Even as a young boy, Formula One driver Fernando Alonso was a racing prodigy. Born on July 29, 1981 in Oviedo, Asturias in the northern part of Spain, he sat in his very first racing kart at the tender age of three. His father Jose Luis Alonso, who worked in mining as an explosives expert, was a big go-kart racing enthusiast. It was his father’s dream, and more, that he turned into a reality when the young driver graduated from karting to the bigger boys’ circuits—and ultimately to Formula One. Fernando Alonso broke the record as the youngest F1 champion, replacing Emerson Fittipaldi, when he won the World Driver’s Championship in September 2005, and is now a two-time World Champion.
Fernando Alonso’s first race kart was hand-built by his father for his older sister Lorena. Lorena, who was eight, tried it for a few small competitions but it was obvious that she lacked interest in that activity. The three-year old Fernando ended up inheriting the pedal kart, which had to be readjusted for his smaller size. It was nothing more than a game that the father and son played, but by the time he was five or six, it was evident that young Fernando was better skilled than other children behind the wheel. In June 1988, even before turning seven, he scored his first big win in Pola de Laviana, completing a junior competition for the first time and winning all 8 races of the competition.
They were not a well-to-do family but Fernando and his father pursued go-kart races whenever and wherever they could. Jose Luis stood by his son as his mechanic until he was 12. Most weekends were spent go-karting but Fernando’s mother, who was a department store employee, never objected as long as he kept his good grades at his school, Santo Ángel de la Guarda. Fernando began competing outside of Asturias when he was eight, winning championships in the junior class and cadet class. In 1992, he was given special permission by the Federation to compete in the 100cc category, for which he was under-aged. Fernando Alonso admits that he has always broken records when it came to being the youngest racer in a particular class.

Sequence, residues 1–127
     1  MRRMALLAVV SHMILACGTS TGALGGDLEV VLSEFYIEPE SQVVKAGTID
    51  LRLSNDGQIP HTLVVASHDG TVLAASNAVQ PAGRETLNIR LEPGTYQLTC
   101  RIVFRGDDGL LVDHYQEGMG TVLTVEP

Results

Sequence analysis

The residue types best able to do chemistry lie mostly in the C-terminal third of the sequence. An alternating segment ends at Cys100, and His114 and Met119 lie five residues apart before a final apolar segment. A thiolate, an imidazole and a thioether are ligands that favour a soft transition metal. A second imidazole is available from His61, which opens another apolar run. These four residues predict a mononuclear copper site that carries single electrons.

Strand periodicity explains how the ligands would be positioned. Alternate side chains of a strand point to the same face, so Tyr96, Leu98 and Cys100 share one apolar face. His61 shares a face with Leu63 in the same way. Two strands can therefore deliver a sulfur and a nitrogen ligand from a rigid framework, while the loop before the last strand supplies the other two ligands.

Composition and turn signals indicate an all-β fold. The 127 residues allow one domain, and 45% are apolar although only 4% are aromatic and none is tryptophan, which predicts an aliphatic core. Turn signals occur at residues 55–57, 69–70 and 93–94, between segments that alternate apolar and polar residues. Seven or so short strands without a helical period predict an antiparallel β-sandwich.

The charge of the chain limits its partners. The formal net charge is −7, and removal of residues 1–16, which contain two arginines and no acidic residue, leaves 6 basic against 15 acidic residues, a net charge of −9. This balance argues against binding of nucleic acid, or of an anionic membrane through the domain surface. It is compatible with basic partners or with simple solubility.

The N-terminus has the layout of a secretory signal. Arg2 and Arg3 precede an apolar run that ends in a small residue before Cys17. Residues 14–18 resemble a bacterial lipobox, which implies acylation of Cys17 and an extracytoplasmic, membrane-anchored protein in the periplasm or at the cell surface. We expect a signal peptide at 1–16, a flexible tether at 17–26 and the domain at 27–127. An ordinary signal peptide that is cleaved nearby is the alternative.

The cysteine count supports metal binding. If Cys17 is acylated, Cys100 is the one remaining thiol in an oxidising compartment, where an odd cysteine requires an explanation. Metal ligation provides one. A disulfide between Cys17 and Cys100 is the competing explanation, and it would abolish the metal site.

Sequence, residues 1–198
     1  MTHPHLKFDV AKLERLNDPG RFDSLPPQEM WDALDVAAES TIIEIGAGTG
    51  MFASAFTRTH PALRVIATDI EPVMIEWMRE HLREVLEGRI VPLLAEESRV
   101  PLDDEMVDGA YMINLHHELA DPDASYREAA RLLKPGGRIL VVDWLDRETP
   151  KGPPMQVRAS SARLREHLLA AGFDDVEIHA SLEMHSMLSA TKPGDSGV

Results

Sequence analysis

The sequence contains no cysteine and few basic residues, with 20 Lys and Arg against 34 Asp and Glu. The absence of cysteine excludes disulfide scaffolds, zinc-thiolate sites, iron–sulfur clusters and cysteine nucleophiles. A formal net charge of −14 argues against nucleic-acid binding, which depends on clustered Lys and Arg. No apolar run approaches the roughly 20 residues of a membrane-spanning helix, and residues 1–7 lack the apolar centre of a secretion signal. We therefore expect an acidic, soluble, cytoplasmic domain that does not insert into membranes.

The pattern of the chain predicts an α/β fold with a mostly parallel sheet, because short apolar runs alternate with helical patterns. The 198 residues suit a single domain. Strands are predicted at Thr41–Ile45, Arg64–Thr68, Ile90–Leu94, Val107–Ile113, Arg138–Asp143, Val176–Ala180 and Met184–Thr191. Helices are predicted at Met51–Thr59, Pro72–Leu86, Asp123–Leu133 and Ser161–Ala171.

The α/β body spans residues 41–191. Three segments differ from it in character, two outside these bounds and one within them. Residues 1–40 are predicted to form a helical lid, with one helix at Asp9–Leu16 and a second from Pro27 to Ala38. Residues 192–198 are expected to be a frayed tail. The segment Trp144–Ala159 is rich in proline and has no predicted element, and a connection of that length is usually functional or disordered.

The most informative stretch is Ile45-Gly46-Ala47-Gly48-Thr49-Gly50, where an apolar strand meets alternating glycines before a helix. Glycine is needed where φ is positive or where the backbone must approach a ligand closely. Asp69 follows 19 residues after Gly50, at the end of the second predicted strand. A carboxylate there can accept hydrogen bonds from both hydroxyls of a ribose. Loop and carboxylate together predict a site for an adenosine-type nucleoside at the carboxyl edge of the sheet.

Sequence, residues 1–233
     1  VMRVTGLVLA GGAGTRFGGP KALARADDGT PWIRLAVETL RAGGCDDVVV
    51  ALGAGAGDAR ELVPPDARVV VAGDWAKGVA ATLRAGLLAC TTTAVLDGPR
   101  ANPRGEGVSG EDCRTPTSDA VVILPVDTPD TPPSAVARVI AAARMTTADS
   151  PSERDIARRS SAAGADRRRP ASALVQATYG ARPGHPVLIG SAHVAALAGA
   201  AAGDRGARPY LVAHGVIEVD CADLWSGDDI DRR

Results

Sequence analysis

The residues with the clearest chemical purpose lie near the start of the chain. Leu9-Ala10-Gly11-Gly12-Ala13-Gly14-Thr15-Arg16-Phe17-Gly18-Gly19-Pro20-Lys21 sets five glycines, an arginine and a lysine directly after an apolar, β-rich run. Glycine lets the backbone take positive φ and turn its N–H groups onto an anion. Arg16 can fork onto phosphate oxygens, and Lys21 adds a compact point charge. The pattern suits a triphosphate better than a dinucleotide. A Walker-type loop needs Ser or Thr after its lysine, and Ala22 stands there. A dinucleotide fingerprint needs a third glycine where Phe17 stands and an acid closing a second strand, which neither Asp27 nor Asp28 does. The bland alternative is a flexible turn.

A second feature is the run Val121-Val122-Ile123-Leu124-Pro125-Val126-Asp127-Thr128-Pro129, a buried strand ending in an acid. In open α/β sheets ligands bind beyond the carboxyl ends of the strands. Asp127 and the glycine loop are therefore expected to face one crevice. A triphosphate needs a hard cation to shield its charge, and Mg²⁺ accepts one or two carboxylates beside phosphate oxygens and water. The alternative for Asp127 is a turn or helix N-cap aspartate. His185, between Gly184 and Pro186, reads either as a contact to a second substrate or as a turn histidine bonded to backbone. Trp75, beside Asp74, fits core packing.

At some point in their pursuit of races around Spain, it became obvious that his parents’ income could no longer support his sport, which proved to be very costly. Fernando knew it was up to him to continue winning races in order to get sponsors, and that he did. He won four consecutive Spanish championships from 1993 to 1996. He also won the Junior World Cup in 1996. He was the Italian Inter-A champion in 1997 and the Spanish Inter-A champion in 1997 and 1998, and placed 2nd in the 1998 European Cup.
In October 1998, Fernando Alonso was given his first test in a race car by former Formula One driver Adrián Campos. In 1999, Campos entered him in the Euro Open MoviStar by Nissan series at the Albacete circuit, which he won. As a result, he quickly moved up to Formula 3000 the following year and was again the youngest racer in the 2000 series. He placed 4th overall that year, and it was enough for him to advance to the next level: F1.
Fernando Alonso made his F1 debut at the Australian Grand Prix in 2001, with Minardi. Although he didn’t place in his first year, he managed to get considerable attention with some of his performances. Renault signed him up as a full time test driver in 2002, and in 2003 finished 6th for Mild Seven-Renault in the championship. He was again the youngest driver to make pole position that year in Malaysia, as well as the youngest ever to win an F1 race, which he did at the 2003 Hungarian Grand Prix. In 2004, he placed 4th overall, still with Renault.
Fernando Alonso made history in 2005 when he won the F1 championship—as the youngest World Champion ever, no less. More significantly for F1 fans, he is credited for ending Michael Schumacher’s 5-year stretch as champion. He did the same thing the following year, making him the youngest double-champion in F1 history.
Alonso transferred to the McLaren-Mercedes team in 2007 and managed to get to 3rd place at the end of the season. However, controversies surrounding the 2007 Hungarian Grand Prix involving him and his teammate Lewis Hamilton, as well as the espionage debate between the McLaren and Ferrari camps, greatly affected Alonso’s relationship with McLaren, resulting in a mutually agreed upon early termination of his contract. Fernando Alonso is back with Renault in 2008, driving under the number 5, his old number when he got his first championship.